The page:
Incidence rates were higher for men than for women (508 vs. 410 per 100,000), and were highest among blacks (458 per 100,000). The 5-year survival rate, calculated for cases diagnosed between 2003 and 2010, was similar among men and women at 65%, but lower among blacks (60%) for every cancer site, S. Jane Henley of the National Center for Chronic Disease Prevention and Health Promotion, CDC, Atlanta and her colleagues reported in the March 13 issue of the Morbidity and Mortality Weekly Report.
Survival was highest among those diagnosed before age 45 years (81%) and decreased with increasing age.
The most common cancer reported was prostate cancer (128 per 100,000 men), followed by female breast cancer (122 per 100,000 women), lung and bronchus cancer (61 per 100,000 persons), and colon and rectum cancer (40 per 100,000 persons). Together these cancers accounted for half of those diagnosed in 2011, and 5-year relative survival in patients diagnosed with these cancers was highest for prostate cancer (97%) and breast cancer (88%), the investigators said (MMWR 2015;63:237-42).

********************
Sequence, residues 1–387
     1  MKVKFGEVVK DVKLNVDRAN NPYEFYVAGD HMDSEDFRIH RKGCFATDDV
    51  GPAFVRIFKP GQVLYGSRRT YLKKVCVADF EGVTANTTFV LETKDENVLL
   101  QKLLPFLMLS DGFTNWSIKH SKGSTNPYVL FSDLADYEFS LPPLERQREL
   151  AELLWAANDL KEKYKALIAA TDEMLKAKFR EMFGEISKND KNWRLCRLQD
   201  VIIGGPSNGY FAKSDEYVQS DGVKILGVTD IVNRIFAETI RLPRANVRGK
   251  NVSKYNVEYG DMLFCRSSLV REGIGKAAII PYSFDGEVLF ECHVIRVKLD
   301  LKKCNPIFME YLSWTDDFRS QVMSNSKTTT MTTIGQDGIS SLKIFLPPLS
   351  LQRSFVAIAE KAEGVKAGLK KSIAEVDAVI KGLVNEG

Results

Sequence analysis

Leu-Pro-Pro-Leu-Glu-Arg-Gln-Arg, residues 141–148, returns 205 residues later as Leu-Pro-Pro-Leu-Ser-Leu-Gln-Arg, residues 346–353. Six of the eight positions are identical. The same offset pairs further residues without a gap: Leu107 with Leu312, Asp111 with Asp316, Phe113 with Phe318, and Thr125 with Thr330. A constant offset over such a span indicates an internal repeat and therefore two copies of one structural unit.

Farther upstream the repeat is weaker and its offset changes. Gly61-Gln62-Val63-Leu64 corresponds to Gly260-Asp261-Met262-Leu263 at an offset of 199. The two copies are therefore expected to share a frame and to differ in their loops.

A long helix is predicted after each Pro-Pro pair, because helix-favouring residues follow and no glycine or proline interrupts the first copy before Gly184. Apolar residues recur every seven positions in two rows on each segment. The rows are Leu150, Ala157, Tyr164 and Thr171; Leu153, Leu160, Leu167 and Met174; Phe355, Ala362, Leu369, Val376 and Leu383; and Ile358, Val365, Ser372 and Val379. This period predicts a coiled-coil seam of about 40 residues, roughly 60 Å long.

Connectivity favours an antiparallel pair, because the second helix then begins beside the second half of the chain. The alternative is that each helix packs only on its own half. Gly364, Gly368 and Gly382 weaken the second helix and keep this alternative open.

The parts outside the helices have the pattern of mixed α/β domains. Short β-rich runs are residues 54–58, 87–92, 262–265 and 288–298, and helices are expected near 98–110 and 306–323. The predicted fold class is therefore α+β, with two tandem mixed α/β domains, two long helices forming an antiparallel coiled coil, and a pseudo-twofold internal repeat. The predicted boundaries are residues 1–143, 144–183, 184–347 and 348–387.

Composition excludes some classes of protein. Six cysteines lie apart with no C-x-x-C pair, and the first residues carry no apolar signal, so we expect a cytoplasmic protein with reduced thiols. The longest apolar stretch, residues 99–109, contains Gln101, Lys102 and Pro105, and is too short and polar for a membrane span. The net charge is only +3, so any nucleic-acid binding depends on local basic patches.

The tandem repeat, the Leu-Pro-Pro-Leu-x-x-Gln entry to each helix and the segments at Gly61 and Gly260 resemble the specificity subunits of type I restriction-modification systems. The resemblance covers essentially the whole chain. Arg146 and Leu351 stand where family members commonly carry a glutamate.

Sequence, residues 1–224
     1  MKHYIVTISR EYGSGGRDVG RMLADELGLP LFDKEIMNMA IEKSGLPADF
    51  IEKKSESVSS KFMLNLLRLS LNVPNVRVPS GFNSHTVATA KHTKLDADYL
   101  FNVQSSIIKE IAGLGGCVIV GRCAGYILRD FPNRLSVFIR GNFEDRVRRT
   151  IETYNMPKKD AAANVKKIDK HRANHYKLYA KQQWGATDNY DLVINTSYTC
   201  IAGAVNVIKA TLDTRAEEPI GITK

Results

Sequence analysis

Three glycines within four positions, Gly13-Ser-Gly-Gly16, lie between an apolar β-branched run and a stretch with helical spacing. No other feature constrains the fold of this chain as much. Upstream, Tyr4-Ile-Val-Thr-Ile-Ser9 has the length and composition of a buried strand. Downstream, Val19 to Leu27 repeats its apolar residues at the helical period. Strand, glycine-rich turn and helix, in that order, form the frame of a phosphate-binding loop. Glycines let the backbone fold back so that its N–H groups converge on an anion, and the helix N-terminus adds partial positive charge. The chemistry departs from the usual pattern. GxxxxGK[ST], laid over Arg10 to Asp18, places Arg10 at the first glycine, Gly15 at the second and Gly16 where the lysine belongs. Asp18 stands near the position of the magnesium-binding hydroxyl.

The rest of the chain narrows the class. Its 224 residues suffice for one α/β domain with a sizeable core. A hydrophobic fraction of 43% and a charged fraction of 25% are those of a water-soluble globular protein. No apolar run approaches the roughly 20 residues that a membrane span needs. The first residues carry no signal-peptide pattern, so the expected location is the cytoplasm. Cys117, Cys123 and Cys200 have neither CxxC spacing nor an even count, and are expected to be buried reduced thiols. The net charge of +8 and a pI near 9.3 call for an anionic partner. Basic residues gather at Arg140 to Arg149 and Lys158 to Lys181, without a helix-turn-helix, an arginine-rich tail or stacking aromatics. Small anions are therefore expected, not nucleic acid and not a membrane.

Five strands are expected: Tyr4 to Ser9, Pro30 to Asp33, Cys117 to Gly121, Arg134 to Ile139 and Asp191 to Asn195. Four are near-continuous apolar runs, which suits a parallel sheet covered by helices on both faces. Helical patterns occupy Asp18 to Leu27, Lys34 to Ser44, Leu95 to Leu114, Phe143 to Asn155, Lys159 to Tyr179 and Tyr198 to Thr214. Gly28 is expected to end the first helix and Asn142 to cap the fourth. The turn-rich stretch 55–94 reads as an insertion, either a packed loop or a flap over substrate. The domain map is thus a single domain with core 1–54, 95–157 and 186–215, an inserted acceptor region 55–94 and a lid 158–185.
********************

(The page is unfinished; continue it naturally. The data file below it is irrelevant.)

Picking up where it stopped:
Survival was intermediate for colorectal cancer (63%) and lowest for lung cancer (18%).
The cervical cancer incidence rate was 7.5 per 100,000 the authors noted.
A geographic breakdown shows that incidence ranged from 374 per 100,000 persons in New Mexico to 509 per 100,000 persons in Washington, D.C.
“Healthy People 2020 targets were reached in 37 states for incidence of colorectal cancer and in 28 states for incidence of cervical cancer,” they wrote, noting that this report is the first to include incidence rates in Puerto Rico; those rates were lower for all cancer sites, compared with the states and the District of Columbia (339 per 100,000 persons) – a finding that reflects screening practices and risk factors that may differ from in the states.